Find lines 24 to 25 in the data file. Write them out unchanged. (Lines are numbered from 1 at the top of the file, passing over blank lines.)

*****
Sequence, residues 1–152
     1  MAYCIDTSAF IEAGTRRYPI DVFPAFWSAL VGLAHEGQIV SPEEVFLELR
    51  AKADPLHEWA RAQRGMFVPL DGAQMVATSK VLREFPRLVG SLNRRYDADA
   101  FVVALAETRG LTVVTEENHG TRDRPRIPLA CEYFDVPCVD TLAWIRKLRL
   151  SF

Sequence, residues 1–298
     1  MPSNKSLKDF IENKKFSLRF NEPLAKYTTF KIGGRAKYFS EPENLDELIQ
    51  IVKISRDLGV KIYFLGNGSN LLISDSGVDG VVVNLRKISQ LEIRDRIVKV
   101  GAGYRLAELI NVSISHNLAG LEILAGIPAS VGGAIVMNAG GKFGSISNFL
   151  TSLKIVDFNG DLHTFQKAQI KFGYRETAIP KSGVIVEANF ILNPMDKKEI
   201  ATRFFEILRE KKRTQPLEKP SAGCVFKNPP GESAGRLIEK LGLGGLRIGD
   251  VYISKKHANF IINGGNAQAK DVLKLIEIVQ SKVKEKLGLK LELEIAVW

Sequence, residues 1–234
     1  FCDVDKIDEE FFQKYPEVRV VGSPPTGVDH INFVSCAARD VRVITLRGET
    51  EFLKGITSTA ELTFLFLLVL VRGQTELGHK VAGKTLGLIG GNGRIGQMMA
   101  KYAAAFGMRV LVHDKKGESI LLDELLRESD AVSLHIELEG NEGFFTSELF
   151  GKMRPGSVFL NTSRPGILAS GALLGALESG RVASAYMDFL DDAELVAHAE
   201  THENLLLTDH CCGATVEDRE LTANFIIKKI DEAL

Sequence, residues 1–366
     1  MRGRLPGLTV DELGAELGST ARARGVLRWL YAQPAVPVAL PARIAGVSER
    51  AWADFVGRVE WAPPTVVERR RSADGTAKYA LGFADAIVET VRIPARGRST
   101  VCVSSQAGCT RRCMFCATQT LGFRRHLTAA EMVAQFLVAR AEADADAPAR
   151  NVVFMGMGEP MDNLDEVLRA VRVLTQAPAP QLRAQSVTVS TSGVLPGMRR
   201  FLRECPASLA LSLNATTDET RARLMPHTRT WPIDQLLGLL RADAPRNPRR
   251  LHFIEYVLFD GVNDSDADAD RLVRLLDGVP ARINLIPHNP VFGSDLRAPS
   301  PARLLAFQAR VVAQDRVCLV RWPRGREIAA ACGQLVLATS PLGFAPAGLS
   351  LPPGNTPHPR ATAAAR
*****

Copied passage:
   201  FLRECPASLA LSLNATTDET RARLMPHTRT WPIDQLLGLL RADAPRNPRR
   251  LHFIEYVLFD GVNDSDADAD RLVRLLDGVP ARINLIPHNP VFGSDLRAPS